Glass Lewis & Co., which advises pension fund and portfolio managers on how to vote on proxy matters, attributed its decision to the "exorbitant" compensation package PeopleSoft's board awarded CEO Craig Conway. The advisory firm also criticized PeopleSoft for its controversial customer assurance program, which could potentially drive up the costs of Oracle's hostile bid for the company.
"The potential cost of the program exceeds PeopleSoft's total cash and short-term investments balance of $1.4 billion as of year-end 2003," Glass Lewis said in its report. "All of this dampens the ardor of potential PeopleSoft suitors, which clearly is to the detriment of shareholders."
The advisory firm added that it views Conway as the "architect" and overseer of the customer assurance program.
Four of PeopleSoft's board members will be up for re-election next week at the company's annual shareholders meeting. Glass Lewis advised its clients to also withhold votes for directors George "Skip" Battle and Cyril Yansouni. The two directors served on the board's compensation committee, which awarded Conway his compensation package in fiscal 2003.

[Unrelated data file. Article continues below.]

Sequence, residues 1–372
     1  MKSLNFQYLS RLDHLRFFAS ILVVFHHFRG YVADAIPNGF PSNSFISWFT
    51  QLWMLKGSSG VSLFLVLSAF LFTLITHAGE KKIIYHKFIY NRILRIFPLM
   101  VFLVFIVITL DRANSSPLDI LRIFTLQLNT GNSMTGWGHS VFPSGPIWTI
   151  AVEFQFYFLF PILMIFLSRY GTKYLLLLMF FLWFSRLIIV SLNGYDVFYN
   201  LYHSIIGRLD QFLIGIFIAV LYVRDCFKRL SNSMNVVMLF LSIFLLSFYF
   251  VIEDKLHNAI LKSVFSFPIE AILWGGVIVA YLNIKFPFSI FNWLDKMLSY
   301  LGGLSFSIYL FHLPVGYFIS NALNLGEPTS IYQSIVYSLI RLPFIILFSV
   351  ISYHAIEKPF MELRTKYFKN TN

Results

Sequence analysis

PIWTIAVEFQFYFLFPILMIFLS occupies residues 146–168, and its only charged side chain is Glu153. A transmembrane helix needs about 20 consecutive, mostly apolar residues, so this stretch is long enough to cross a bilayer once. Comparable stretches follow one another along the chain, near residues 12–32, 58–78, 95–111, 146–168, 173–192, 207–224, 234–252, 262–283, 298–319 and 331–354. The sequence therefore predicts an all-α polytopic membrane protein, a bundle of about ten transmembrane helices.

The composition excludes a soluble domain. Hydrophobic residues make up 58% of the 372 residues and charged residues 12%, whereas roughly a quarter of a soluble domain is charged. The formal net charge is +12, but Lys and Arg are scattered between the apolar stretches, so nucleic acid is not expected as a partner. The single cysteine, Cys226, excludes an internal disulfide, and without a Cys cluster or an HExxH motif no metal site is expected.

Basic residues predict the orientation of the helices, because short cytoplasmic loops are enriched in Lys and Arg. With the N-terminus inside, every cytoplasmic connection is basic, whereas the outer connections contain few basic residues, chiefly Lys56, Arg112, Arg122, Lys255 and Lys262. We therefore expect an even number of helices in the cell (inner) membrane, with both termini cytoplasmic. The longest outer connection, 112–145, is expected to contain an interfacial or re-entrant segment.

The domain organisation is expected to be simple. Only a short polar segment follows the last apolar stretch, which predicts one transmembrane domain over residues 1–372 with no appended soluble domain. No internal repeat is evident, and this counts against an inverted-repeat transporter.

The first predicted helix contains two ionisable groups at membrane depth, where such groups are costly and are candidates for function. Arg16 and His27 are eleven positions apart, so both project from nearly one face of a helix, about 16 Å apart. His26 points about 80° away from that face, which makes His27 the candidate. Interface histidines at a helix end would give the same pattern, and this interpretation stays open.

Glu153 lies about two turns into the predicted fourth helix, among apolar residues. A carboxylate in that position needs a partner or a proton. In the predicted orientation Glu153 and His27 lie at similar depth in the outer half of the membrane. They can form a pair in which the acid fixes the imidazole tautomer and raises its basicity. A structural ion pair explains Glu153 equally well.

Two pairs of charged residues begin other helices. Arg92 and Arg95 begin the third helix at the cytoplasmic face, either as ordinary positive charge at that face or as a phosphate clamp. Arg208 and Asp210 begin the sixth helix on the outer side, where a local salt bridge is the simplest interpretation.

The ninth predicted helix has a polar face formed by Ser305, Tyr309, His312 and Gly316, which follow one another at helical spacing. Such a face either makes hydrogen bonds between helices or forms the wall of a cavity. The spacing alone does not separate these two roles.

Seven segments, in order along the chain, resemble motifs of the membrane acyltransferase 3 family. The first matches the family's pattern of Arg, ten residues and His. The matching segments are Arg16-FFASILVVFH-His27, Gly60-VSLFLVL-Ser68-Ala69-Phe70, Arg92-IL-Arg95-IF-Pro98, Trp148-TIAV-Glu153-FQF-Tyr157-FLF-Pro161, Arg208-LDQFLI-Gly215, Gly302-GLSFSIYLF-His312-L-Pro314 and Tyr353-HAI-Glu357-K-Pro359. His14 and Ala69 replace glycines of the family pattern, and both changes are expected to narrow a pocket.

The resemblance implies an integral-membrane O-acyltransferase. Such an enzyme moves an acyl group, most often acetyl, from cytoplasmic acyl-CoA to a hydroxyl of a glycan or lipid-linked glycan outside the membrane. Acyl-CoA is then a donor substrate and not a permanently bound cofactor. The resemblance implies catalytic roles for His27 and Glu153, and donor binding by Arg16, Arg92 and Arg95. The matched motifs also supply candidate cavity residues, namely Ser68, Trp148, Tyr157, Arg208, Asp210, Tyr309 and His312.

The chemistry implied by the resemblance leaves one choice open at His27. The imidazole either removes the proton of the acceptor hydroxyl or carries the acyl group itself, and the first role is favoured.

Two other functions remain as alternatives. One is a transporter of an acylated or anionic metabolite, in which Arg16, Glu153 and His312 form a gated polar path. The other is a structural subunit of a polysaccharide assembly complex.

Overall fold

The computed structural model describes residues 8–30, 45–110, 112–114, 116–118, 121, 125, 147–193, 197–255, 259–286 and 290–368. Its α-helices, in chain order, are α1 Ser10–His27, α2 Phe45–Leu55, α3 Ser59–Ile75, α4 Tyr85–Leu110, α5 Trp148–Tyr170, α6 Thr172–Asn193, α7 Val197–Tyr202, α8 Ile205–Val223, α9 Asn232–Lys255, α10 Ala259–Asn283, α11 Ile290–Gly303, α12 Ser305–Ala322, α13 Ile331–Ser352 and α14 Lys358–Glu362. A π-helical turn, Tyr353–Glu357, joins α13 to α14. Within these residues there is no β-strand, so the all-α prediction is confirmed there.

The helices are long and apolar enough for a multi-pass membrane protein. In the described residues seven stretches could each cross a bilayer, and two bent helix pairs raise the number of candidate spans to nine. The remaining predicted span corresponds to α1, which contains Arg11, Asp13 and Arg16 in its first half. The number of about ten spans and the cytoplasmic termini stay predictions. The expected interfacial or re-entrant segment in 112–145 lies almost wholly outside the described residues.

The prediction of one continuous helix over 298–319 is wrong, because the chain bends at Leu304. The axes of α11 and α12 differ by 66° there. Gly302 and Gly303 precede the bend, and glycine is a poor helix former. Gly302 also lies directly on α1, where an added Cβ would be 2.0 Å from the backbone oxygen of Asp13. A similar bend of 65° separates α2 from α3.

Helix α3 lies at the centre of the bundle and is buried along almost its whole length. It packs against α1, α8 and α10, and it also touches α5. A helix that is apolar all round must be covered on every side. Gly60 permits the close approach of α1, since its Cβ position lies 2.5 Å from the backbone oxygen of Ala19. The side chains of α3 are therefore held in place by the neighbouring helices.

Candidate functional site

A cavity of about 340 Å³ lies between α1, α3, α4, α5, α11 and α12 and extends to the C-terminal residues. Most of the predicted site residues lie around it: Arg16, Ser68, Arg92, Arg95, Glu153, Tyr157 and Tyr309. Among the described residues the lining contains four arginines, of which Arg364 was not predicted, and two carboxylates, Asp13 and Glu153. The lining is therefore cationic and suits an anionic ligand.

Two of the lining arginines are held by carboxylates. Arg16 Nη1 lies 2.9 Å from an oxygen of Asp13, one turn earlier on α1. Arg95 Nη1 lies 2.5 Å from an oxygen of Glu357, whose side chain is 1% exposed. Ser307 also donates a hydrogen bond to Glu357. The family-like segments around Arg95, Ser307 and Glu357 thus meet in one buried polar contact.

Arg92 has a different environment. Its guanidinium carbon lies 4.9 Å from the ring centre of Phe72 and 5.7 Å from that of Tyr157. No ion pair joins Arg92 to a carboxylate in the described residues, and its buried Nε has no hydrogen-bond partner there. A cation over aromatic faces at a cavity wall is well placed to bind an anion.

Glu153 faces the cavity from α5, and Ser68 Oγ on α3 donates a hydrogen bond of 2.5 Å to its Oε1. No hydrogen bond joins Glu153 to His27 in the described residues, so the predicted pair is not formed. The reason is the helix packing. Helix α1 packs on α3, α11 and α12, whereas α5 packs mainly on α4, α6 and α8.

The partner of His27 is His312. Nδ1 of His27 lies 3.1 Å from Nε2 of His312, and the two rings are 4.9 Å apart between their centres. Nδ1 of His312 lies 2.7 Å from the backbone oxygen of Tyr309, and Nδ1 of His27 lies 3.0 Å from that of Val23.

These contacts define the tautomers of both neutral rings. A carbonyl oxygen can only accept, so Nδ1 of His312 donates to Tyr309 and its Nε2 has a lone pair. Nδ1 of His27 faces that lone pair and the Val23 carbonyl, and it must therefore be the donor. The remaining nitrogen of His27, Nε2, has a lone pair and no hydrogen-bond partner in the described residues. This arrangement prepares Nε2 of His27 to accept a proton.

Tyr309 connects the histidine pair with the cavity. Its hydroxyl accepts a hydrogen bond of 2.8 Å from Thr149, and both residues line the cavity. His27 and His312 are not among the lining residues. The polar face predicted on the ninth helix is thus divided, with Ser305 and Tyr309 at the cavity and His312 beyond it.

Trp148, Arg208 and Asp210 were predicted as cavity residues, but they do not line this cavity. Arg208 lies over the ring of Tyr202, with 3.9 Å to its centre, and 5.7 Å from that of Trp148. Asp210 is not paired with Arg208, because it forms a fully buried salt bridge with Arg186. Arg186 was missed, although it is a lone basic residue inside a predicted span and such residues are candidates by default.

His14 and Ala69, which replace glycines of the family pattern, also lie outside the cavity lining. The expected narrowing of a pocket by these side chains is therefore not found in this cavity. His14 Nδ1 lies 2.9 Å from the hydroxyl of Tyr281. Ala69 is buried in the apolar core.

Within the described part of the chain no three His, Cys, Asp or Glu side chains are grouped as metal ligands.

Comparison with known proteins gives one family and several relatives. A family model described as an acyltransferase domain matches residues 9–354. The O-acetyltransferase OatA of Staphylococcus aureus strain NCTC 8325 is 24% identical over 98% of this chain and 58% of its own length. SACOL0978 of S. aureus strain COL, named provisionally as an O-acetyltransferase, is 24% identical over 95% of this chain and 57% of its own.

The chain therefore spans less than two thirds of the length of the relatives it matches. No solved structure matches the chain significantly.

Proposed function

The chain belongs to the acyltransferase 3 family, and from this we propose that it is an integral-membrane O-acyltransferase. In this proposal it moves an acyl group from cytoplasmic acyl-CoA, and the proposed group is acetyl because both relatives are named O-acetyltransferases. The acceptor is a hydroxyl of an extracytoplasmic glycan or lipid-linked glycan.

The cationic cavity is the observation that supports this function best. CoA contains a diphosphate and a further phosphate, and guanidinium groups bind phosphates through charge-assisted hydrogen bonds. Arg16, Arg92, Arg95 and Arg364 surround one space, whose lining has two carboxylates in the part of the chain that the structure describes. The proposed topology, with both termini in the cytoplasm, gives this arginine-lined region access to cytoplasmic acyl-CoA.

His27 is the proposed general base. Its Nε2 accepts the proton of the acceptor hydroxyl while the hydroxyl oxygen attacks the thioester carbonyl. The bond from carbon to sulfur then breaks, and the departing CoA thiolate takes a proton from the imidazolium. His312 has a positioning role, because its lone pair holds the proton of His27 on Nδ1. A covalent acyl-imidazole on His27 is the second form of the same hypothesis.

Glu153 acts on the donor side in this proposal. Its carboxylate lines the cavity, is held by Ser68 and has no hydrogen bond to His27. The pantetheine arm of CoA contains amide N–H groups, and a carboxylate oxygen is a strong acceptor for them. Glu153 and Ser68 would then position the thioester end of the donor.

Last year, Conway received a compensation package that included $1 million in salary, a $2.3 million bonus and 1.5 million stock options, according to the company's proxy.
"The company's compensation to its CEO was significantly more than the median compensation for CEOs at companies" in the same sector, Glass Lewis stated.
PeopleSoft, however, took issue with Glass Lewis' recommendation.
"We believe their recommendation completely ignores the facts," said Steve Swasey, a PeopleSoft spokesman. "After a thorough investigation by ISS (Institutional Shareholder Services), the leading proxy adviser, they came out very strongly in favor of PeopleSoft's governance. Our board is a model of corporate governance."
ISS on Friday recommended its clients. The proxy adviser also said that although it understood PeopleSoft's reasoning for its customer assurance program, it should be discontinued now that the threat of an Oracle merger has been weakened with the recent Justice Department .
Glass Lewis does not disclose the number of clients it represents and was not immediately available for comment.
"This is Glass Lewis' first year of real operations. Even though they're smaller than ISS, they probably have more clients than what most people give them credit for," said one proxy solicitor. "They tend to be a more aggressive corporate governance hawk than ISS."